Last year, much of the country, including Nebraska, saw the hottest year on record, along with an ongoing drought. Climate change scientist Cynthia Rosenzweig of the NASA Goddard Institute for Space Studies (see full bio below) says more years like 2012 are projected in the coming decades. Rosenzweig spoke at the 2013 Water for Food Global Conference in Lincoln, Neb., and talked with NET News about her research.
What are some of the major climate change impacts?
ROSENZWEIG: In agriculture, climate change with higher temperatures will shorten growing cycles, thereby reducing yields. It will also bring increased drought around the world, along with intense precipitation events: more floods, more runoff. Climate change, in the long term, is not good for crops.
We’re already beginning to see effects of the warming that we’ve had so far on crops around the world.
How might those changes impact food production?
ROSENZWEIG: A changing climate will eventually bring the need for adaptation. The agricultural practices we have today will need to be modified eventually to keep up with warmer temperatures, and increases in droughts and floods. We have to prepare for changing conditions in agriculture.
Last year, much of the country, particularly the Great Plains, saw the hottest year on record, along with an ongoing drought. What can we expect in the future?
ROSENZWEIG: The drought of 2012 was unusual not only because of lack of precipitation but that combined with high temperatures. That’s exactly what the climate change science is predicting for the future: intensified variability on precipitation, as well as the inexorable rise in temperatures. There are definitely concerns as we come into the coming decades of having more frequent years like 2012, and even worse in terms of higher temperatures.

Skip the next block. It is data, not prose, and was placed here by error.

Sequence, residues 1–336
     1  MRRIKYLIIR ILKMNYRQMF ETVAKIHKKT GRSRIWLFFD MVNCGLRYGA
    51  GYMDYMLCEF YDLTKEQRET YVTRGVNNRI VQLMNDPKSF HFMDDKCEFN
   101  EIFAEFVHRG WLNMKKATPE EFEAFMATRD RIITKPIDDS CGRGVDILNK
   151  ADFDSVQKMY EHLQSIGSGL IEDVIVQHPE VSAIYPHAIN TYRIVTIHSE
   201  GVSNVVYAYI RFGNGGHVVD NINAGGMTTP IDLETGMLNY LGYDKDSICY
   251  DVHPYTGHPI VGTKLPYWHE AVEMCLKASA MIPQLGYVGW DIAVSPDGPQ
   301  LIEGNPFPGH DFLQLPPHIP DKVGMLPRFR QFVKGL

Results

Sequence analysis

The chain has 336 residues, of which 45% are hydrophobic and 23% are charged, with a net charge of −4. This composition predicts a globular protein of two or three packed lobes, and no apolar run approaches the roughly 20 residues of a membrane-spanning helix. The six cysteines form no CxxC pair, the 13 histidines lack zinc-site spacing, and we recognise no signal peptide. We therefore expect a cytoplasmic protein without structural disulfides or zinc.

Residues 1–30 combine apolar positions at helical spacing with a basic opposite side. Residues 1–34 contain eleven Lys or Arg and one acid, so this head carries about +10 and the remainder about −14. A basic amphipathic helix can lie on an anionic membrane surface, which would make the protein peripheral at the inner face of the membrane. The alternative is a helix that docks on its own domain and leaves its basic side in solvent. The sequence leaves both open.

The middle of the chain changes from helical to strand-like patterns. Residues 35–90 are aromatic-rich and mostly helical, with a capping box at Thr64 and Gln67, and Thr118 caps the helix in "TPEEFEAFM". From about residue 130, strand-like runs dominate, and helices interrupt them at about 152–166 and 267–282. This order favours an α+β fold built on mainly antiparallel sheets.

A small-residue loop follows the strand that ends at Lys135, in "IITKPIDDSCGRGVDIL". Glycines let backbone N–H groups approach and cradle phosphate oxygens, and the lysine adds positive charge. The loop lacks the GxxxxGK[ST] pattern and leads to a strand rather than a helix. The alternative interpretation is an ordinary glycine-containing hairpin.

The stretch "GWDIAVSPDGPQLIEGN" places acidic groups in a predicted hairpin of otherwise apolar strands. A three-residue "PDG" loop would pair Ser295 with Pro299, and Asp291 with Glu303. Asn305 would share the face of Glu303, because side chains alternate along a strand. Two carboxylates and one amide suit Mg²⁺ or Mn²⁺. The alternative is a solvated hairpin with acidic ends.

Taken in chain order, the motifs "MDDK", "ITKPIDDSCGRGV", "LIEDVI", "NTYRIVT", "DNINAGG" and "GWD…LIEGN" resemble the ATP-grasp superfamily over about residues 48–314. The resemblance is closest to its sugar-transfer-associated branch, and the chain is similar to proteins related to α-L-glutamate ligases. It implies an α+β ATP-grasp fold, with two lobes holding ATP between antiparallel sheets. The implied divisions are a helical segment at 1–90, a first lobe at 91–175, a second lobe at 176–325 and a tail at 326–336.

What do you say to those who say this is a cycle, that there are periods of warming and cooling in the planet’s history and this is just another one of those?
ROSENZWEIG: There have always been changes in the Earth’s climate, over all time scales. But because humans are increasing greenhouse gases, we’re now seeing faster rates of increased change in our climate system than have occurred in the past. And that’s what’s bringing this major challenge for our planet into the forefront.
How will these changes affect rural areas as compared with urban areas?
ROSENZWEIG: Cities are also very much at risk, especially coastal cities. But even inland cities like those in the Great Plains, there’s potential for increased heat waves, which aren’t good, particularly for the elderly. It’s going to change our food systems, both on the producer side—for farmers of the Great Plains, and on the consumer side in the cities, where a growing number of people are living.
How can people adapt?
ROSENZWEIG: Farmers are already adapting, they always adapt to weather of each season, and will continue to do so. The issue with climate change is that those adaptations are going to have to come faster and eventually be larger than the ones that we’re used to.
For example, if the Great Plains becomes much drier, with extreme precipitation, our crop choices may need to switch: more sorghum, less corn. We may need to use more cover crops to hold in moisture. Farming needs to adapt to changing climate but will also be part for the solution through methods like no till, cover cropping that increases carbon in the soil, and being more energy efficient.
A recipient of a Guggenheim Fellowship, Rosenzweig joins impact models with climate models to project future outcomes of both land-based and urban systems under altered climate conditions. She holds a doctorate in plant, soil, and environmental sciences from the University of Massachusetts in Amherst.